The celebrations for Chinese New Year (it’s going to be the Year of the Rat) are about to begin so I went out last night to join in the fun here in Singapore — and an excellent night out was had by all, I have to add. Wandering through some of the market stalls in the evening, I came across a stall selling “lucky coins”. Naturally, I bought some. It turned out to be lucky for the stall owner (who got $2 for three old coins worth, essentially, nothing) and lucky for me too, because they gave me something to write about on the blog when I couldn’t think of anything else. The coins were cash, in the truest sense of the word.
The wén (Traditional Chinese: 文, English: cash) was the currency of China from 6th Century BC until 1889 AD and continued to circulate into the 20th century.
The Chinese currency was referred to as “cash” by the English when they came across it. It’s a wonderful linguistic intersection, because the English word “cash” comes from the Middle French “caisse”, meaning a box or chest. But the local South Asian word for the metallic circulating means of exchange was the homophone (to English ears) derived from the Tamil kāsu, a South Indian monetary unit. So “cash” it was. Traditionally, these coins were cast in copper, brass or iron. The coins took on different kinds of shapes as hoes and knives, known as spade money and knife money. The most common formation was the round-shaped coin with a square or circular hole in the center. The hole enabled the coins to be strung together to create higher denominations, as was frequently done due to the coin’s low value. These were the coins I bought in the market (it wasn’t explained to me whether the red string holding them together is lucky as well):
And just to prove that I was actually there…
Who isn’t interested in this region’s contribution to the history of money? My lucky coins trigger thoughts about China’s key role in the story of money’s evolution, not so much because of the strings of cash but from the government issue of paper money under Kublai Khan in the mid-13th century. Here’s what Marco Polo had to say about it…
“The emperor’s mint then is in this same city of Cambaluc, and the way it [money] is wrought is such that you might say he has the secret of alchemy in perfection, and you would be right. For he makes his money after this fashion. He makes them take of the bark of a certain tree, in fact of the mulberry tree, the leaves of which are the food of the silkworms, these trees being so numerous that the whole districts are full of them. What they take is a certain fine white bast or skin which lies between the wood of the tree and the thick outer bark, and this they make into something resembling sheets of paper, but black. When these sheets have been prepared they are cut up into pieces of different sizes.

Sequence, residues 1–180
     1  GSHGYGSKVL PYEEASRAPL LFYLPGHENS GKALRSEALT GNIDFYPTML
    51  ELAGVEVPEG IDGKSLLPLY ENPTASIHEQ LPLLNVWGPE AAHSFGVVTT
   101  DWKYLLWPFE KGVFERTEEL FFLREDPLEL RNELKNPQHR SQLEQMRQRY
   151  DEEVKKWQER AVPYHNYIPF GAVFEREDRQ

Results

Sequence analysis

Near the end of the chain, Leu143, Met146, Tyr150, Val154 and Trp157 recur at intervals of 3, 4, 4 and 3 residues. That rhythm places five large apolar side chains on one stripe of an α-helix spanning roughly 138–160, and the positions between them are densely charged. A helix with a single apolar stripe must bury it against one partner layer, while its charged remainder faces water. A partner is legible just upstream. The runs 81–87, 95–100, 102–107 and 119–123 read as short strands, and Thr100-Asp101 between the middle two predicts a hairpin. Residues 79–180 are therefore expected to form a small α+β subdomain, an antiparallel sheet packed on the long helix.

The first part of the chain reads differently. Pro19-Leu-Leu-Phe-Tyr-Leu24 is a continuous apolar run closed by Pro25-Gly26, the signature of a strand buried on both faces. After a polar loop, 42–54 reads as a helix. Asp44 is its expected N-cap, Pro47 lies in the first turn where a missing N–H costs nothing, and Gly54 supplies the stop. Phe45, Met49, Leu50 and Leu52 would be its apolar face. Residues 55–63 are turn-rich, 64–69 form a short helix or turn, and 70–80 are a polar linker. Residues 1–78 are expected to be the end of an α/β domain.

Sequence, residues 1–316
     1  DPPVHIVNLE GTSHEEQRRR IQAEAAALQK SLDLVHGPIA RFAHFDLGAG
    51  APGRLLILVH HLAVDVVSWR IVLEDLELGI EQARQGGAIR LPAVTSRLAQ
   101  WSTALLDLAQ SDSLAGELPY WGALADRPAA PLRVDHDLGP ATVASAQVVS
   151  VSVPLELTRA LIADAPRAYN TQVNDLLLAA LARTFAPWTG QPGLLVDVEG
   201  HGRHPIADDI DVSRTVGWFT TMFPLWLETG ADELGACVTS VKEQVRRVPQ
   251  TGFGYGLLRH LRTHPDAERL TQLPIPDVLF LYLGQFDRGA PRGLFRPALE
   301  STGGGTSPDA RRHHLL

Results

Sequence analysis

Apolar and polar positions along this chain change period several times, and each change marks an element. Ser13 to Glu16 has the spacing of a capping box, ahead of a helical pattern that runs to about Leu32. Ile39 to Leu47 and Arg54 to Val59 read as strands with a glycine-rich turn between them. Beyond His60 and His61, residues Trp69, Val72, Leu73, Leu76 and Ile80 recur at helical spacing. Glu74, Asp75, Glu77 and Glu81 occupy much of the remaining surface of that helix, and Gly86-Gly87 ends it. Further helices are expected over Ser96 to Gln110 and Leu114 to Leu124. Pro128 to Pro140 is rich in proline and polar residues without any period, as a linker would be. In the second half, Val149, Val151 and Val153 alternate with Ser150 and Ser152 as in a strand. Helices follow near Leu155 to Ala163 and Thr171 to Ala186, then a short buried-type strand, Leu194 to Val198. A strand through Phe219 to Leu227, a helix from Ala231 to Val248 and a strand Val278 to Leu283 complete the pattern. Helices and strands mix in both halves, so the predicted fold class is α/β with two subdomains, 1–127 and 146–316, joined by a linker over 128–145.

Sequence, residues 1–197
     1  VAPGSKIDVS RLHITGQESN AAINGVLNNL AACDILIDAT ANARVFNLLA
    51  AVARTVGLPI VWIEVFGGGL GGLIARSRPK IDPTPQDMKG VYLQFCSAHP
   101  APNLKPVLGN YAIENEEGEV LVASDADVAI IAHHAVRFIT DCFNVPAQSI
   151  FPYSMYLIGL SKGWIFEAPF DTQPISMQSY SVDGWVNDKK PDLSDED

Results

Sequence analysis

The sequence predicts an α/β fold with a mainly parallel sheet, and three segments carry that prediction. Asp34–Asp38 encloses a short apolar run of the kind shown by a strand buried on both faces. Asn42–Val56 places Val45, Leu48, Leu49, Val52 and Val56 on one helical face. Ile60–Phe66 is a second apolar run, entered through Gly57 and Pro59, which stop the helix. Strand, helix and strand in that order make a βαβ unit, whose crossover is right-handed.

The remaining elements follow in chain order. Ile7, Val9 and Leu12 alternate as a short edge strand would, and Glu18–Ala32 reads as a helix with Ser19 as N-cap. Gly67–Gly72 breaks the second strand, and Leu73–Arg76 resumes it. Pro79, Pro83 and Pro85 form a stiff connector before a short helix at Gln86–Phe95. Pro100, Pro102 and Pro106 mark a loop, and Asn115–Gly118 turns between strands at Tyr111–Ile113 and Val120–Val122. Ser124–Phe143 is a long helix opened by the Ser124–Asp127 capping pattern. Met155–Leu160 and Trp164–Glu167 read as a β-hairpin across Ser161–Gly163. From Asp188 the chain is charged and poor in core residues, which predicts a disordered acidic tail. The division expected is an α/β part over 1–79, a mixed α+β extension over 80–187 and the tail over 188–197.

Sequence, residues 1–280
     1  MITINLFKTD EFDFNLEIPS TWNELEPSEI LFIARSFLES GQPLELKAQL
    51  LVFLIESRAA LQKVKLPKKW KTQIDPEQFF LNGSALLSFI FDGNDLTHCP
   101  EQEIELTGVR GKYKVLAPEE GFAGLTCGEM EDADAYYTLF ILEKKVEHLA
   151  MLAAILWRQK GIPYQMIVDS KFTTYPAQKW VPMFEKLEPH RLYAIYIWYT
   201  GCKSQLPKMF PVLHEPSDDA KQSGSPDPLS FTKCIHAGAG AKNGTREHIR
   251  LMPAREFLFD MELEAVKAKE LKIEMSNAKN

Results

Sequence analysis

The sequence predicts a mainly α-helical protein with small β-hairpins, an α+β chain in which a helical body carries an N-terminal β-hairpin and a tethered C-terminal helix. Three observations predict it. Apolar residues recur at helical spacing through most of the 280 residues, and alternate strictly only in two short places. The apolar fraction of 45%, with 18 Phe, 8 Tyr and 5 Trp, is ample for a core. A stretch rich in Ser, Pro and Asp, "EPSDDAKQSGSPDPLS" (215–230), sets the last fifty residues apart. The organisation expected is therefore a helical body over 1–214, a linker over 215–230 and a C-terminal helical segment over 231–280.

All these pieces of paper are issued with as much solemnity and authority as if they were of pure gold or silver; and on every piece a variety of officials, whose duty it is, have to write their names, and to put their seals. And when all is prepared duly, the chief officer deputed by the Khan smears the seal entrusted to him with vermilion, and impresses it on the paper, so that the form of the seal remains imprinted upon it in red; the money is then authentic. Anyone forging it would be punished with death. And the Khan causes every year to be made such a vast quantity of this money, which costs him nothing, that it must equal in amount all the treasure of the world.
Furthermore all merchants arriving from India or other countries, and bringing with them gold or silver or gems and pearls, are prohibited from selling to any one but the emperor. He has twelve experts chosen for this business, men of shrewdness and experience in such affairs; these appraise the articles, and the emperor then pays a liberal price for them in those pieces of paper. The merchants accept his price readily, for in the first place they would not get so good an one from anybody else, and secondly they are paid without any delay. And with this paper money they can buy what they like anywhere over the empire”
I’m surprised this story isn’t part of Ron Paul’s campaign to restore the gold standard, since the great Khan’s monetary system ended up collapsing in the 14th century because of the irresitible temptation to over-issue the paper money. I’ve just started to read my modern reprint of the famous (to money nerds) “History of Monetary Systems” written by Alexander Del Mar in 1886, which discusses the Mongol monetary experiment in more detail, so I shall use my newly-acquired lucky cash as a bookmark for his comments:
Population and trade had greatly increased, but the emissions of paper notes were suffered to largely outrun both, and the inevitable consequence was depreciation. All the beneficial effects of a currency which is allowed to expand with a growth of population and trade were now turned into those evil effects that flow from a currency emitted in excess of such growth. These effects were not slow to develop themselves. Excessive and too rapid augmentation of the currency, resulted in the entire subversion of the old order of society. The best families in the empire were ruined, a new set of men came into the control of public affairs, and the country became the scene of internecine warfare and confusion.
Whoops. Best stick with the either metal cash or the virtual stuff.
These opinions are my own (I think) and presented solely in my capacity as an interested member of the general public [posted with ecto]